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Achieving the Engineering Dream!

Have you ever thought of becoming an engineer for Mission Aviation Fellowship (MAF)? Dan Perrett has just completed his apprenticeship in Engineering (Cert IV in Aero skills - Avionics) through Aviation Australia in Cairns. He achieved this after five years of dedication and hard work.

After completing a Bachelor of Mechanical Engineering, Dan worked as an engineer for a few years before he decided to take a backpacking trip through PNG. As part of his trip he visited some friends who were working with MAF and attended a Bible Translation Dedication Service. Dan grew up in a Christian home and through the service and seeing the impact it had on the remote community, Dan sensed that God was calling him to mission. He met and married Shannon, and together they attended Bible College. They were unsure where they were meant to go with this calling to mission, but as Dan had an interest in solar power, they joined Christian Radio Missionary Fellowship (CRMF) in PNG and worked there for over six years—Dan as a technician and Training Coordinator and Shannon as the Financial Administrator.

In 2014 the Perrett family returned to Australia and Dan began to think about his future. He says, “I had always been a bit of an aeroplane nut and had an interest in electronics.” One of the MAF Human Resource team who was aware of Dan’s skill and experience, asked him to consider the possibility of joining MAF Mareeba as an Avionics Apprentice. So in January 2015 Dan began his apprenticeship journey. 

The apprenticeship is split into two parts:

1. Study/exams is taken in blocks from one week to several months at a time depending on the size of the subject matter. This can be done in the classroom in Cairns or by self-study.

2. Schedule of experience – is a journal of all the work carried out in the hangar and comprises of 20 different competencies.

Dan remarks, “I found the exams challenging as there was a lot of material to work through. MAF apprentices work toward a European Union Aviation Safety Agency (EASA) license as well as a Civil Aviation Safety Authority (CASA) license. This enables them to work in as many countries as possible, as MAF has a presence in 30 countries worldwide. This is a unique opportunity to gain both licenses, not provided by many employers.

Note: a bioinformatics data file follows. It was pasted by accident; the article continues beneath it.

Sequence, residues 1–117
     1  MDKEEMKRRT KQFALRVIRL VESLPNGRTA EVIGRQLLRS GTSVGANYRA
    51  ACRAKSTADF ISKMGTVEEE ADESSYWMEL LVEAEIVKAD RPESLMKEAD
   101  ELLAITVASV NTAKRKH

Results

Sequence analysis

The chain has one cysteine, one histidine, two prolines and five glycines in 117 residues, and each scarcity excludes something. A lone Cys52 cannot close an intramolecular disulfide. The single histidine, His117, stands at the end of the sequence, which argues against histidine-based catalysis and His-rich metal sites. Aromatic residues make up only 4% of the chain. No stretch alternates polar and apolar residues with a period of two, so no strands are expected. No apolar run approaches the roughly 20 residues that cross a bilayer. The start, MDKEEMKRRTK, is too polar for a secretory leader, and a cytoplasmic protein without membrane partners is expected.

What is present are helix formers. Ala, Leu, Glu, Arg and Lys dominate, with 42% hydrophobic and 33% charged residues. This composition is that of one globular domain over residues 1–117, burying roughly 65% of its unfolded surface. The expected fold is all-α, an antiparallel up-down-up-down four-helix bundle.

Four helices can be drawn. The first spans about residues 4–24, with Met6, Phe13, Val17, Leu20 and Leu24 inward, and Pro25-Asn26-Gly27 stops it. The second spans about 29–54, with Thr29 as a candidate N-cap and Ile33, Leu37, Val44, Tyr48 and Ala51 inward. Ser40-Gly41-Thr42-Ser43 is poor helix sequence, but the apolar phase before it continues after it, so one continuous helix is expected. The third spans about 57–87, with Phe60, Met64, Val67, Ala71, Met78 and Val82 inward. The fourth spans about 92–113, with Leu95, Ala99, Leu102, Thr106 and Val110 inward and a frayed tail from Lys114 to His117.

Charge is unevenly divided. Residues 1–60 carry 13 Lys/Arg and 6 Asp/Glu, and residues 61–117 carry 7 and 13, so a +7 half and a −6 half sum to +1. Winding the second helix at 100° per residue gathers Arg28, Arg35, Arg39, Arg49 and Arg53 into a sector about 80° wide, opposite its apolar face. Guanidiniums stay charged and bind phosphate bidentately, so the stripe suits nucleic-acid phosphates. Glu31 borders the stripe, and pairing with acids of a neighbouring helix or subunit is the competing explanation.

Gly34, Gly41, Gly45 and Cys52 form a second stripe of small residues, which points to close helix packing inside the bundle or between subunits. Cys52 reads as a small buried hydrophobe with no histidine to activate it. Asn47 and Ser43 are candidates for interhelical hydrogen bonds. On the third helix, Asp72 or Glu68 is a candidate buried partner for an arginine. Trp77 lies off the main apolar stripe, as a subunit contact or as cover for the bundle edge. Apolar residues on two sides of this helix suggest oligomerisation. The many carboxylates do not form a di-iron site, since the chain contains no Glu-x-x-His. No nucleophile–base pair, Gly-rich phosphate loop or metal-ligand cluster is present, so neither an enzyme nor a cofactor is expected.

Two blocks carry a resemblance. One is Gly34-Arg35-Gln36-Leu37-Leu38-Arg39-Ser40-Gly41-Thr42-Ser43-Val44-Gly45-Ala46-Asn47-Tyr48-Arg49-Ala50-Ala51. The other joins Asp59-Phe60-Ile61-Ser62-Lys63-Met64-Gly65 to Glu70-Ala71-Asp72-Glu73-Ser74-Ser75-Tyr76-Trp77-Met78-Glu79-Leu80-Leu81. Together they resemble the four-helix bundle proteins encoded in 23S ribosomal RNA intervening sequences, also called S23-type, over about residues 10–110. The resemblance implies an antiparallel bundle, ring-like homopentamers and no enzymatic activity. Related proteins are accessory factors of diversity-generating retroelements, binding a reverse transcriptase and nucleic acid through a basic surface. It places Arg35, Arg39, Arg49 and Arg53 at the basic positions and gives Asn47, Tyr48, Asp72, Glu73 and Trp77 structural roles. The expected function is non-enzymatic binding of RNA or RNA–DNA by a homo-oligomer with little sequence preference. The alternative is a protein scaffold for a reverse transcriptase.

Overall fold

He explains, “I am very relieved that I have achieved my apprenticeship! I particularly enjoyed being able to work on program aircraft and am grateful to the engineers that took the time to invest in me and mentor me.” Photo: Dan working on VH-WLX (Cessna 182).

As for the future, Dan plans to stay in Mareeba for stability for his children’s schooling. He is currently an Aircraft Maintenance Engineer (AME), which includes looking at project management and trouble-shooting, and is working towards his Licensed Aircraft Maintenance Engineer (LAME) qualification. He would very much like to provide program support, particularly in PNG, as he already has knowledge of the language and culture there.

Dan also has a passion to help others. He explains, “My heart is to invest in people and I would very much like to be part of mentoring and training others during their engineering apprenticeships”. At present there is a worldwide shortage of engineers.

If you would like to explore the idea of an engineering apprenticeship through MAF, please go to the “Work With Us” page on our website: https://www.maf.org.nz/page/wo... or email us at: info@maf.org.nz